By Chris Wright for Forbes International
Last month I spent several days on the West Bank, in the Palestinian Territories, researching a feature for Euromoney on how banks and businesses thrive under extreme stress.
The article appears in Euromoney today, and you can read it here.
The article was prompted by some highly impressive numbers from the biggest bank in the Territories, Bank of Palestine, which logged 20% year-on-year growth in its first-half numbers in August. How, I wondered, was that possible in a place like Palestine?
- Palestine, insofar as it is a state at all, is made up of two completely different places: West Bank and Gaza (plus East Jerusalem). The two are not connected, and there is no freedom of movement between them, with permits to travel controlled by Israel.
- Gaza was involved in a vicious war in 2014 that killed more than 2,000 of its citizens.
- The two halves have different governments: Fatah in the West Bank, Hamas in Gaza. The two sides don’t like each other, and Hamas, with an unflinching belief in the destruction of Israel, is considered a terrorist entity by most western institutions. Any local bank faces the additional pressure of trying to make sure it isn’t banking Hamas (Jordan’s Arab Bank has been fined heavily in the US for the suggestion that it once did).
- Even in relatively peaceful West Bank, 70% of the land is controlled by Israel and cannot be built upon or otherwise developed by West Bank citizens or business. Palestinians can’t use many of their own roads, and find their own water supply controlled and diverted by Israel, where they receive far less usable water – whether for drinking, hygiene or irrigation – than the Jewish settlements built on their land.
- My own experience of the Palestinian people on the West Bank is that the fundamental drive in their lives is to get by: to raise their families, educate their children, earn a living. Politics and religion only come into it insofar as they impact upon daily life.
- That being the case, businesses thrive by finding a way. The olive oil farmer I met spotted a market under the Fair Trade label more commonly associated with coffee. His company, Canaan Fair Trade, consolidates 2,500 families with small scale farms into one trading channel, guaranteeing them a living wage. Doing so puts the cost of the product beyond an acceptable price for locals to buy it, but no matter, they export to the US, where the Fair Trade label is valued. And, since there’s not enough water, they just focus on crops that don’t need much: olives and almonds.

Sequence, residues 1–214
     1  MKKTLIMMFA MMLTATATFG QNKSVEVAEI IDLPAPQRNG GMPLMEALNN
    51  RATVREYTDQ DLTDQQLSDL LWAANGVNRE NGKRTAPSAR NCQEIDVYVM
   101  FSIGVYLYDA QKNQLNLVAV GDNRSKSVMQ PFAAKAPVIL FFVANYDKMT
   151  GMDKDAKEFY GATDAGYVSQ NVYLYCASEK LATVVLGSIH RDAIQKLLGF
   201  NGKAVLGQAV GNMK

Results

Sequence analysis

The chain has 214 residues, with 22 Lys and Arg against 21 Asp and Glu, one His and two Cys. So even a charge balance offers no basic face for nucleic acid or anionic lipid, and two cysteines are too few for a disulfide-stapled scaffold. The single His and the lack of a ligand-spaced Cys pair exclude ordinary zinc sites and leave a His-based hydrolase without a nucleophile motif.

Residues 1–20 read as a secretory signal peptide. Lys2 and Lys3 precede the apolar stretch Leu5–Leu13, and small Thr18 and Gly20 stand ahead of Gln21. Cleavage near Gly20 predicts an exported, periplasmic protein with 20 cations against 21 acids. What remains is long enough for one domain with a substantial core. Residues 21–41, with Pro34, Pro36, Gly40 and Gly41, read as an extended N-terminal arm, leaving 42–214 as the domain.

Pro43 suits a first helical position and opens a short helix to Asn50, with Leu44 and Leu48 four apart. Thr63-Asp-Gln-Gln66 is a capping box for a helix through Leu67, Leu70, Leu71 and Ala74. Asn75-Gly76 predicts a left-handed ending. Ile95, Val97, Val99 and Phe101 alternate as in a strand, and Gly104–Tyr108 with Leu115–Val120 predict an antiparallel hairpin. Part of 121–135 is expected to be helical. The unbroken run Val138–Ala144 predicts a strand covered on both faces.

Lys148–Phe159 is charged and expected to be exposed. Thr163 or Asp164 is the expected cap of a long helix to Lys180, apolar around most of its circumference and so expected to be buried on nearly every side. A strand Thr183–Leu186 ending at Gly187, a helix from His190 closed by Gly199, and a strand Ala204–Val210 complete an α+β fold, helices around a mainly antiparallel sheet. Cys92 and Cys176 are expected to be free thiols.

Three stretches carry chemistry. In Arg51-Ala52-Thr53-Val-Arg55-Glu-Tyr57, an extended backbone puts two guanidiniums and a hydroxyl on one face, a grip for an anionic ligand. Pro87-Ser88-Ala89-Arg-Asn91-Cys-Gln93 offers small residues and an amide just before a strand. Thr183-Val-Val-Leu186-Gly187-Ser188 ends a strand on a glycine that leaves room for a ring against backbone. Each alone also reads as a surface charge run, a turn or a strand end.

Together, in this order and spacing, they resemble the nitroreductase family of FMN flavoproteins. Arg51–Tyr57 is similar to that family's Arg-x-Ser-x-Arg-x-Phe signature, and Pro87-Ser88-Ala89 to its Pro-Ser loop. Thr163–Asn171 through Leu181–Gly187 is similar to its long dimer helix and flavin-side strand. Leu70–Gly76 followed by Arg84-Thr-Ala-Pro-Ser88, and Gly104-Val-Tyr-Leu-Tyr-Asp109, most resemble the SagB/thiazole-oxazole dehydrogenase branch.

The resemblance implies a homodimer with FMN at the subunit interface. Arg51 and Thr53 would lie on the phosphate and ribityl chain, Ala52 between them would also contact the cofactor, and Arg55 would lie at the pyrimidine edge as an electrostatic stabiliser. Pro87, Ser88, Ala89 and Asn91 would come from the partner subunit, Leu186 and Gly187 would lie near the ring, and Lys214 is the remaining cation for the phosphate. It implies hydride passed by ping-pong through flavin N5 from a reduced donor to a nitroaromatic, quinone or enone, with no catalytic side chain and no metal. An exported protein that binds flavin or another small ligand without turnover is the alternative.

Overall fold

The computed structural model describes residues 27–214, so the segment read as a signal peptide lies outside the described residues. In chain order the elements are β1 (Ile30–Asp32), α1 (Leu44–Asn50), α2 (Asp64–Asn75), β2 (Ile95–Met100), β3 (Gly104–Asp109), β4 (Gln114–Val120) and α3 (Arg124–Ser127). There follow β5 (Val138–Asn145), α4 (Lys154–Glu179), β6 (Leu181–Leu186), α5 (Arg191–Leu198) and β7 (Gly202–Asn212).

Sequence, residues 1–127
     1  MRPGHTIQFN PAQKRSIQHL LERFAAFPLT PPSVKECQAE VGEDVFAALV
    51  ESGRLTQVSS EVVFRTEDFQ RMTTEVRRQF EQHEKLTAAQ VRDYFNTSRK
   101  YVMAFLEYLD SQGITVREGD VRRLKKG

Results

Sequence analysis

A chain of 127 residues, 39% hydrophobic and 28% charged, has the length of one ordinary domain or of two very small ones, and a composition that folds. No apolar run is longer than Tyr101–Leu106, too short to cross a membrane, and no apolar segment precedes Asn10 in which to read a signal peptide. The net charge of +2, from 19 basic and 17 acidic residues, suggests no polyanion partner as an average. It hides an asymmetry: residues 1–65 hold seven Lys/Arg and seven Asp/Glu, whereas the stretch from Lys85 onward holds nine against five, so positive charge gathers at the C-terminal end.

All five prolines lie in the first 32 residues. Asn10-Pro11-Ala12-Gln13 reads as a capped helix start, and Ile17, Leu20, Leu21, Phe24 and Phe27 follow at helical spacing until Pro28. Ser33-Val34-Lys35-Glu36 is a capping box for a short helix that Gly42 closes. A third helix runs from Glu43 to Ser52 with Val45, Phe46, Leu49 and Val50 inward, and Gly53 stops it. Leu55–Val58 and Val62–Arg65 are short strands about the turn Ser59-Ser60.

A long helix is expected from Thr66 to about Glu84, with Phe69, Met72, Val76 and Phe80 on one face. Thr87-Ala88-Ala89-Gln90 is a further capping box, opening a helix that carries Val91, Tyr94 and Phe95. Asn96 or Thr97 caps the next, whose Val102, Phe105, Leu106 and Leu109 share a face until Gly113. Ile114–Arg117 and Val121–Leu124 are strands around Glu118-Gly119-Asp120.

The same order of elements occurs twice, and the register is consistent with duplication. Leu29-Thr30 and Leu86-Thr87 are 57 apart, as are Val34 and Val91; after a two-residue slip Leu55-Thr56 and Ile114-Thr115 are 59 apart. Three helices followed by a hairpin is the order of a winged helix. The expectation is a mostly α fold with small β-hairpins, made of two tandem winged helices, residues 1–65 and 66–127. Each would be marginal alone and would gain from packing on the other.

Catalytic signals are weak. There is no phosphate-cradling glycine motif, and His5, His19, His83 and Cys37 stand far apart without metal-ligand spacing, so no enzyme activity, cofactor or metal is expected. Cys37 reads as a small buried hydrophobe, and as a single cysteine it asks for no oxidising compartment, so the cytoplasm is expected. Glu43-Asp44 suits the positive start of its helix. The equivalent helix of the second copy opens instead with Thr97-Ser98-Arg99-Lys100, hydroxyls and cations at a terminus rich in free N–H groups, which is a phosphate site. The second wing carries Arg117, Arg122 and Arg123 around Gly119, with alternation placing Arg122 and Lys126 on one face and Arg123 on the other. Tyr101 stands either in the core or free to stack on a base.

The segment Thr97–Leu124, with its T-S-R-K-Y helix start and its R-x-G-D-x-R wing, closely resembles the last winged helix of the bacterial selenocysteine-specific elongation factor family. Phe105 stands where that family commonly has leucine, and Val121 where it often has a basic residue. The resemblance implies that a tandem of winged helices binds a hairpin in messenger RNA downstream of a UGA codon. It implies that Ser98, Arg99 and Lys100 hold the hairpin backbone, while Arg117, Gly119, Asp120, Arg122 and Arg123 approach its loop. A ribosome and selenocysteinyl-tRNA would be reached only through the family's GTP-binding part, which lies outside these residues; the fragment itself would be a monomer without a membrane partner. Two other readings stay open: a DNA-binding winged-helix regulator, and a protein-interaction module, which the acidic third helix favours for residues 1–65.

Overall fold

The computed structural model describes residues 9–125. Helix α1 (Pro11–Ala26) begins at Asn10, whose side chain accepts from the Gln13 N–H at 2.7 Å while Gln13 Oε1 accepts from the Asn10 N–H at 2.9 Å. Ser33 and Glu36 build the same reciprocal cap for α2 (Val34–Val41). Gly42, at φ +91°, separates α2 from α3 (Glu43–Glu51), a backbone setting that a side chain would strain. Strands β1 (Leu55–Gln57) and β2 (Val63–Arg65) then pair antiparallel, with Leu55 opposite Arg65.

- The situation is still more extreme in Gaza, where two million people live in a strip of land 25 miles long and three to seven miles wide, with dismal infrastructure, unreliable electricity and profoundly limited movement. Yet Iliana Montauk, an American who moved here to set up the Gaza Sky Geeks incubator fund, has helped to launch numerous online and virtual businesses (since in Gaza it’s best to have a business that exists in thin air rather than any physical infrastructure) and says they are the hardest working people in the world. Gazans don’t take annual leave, she says – where would they go? They’re not allowed to leave Gaza – and have taken to asking her to keep the office open until midnight so they can keep working, since there’s nothing else to do. “To launch a successful business you need entrepreneurs who are hungry to launch a business and willing to work incredibly hard to make that happen,” she says.
- In the West Bank, business is still local: everyone knows everyone else. This is perhaps part of the reason that creditworthiness is surprisingly high. The bank manager knows his or her clients personally, and probably their family and their neighbours; if someone gets into difficulties, the community tends to help them out; and people generally do not want to walk away from a debt since everyone else will know it’s out there.
- In places like this, full of niches and angles, the little guy can thrive, so banks like Bank of Palestine have done well by backing small to medium enterprises, or by helping the enfranchisement of women in business.
- Palestine’s diaspora is huge and powerful: it is estimated as much as $100 billion. Loyal and keen to help, mobilising that capital in business represents a colossal opportunity for the Palestinian economy (and, let’s be clear, it is far better that that money goes into a productive use in business and commerce than some of the alternatives).
- Palestine’s stock exchange allows a mechanism for that foreign-held capital to come home again. Today, liquidity is weak, but no more so than in other regional exchanges like Bahrain; the exchange is hoping to gain membership of the World Federation of Exchanges shortly.
- And here, for the frontier-spirited, is perhaps an investment case. Valuations are low, companies tend to pay a very high yield, and Palestine Exchange CEO Ahmad Aweidah says that with statehood, “we would be at least 10 times as big within five years.” True peace and independence would be an almighty investment opportunity.
Chris Wright is the author of No More Worlds to Conquer, published by HarperCollins
Original Article is here: http://www.forbes.com/sites/chriswright/2015/09/21/on-the-ground-in-palestine-the-businesses-that-thrive-under-pressure/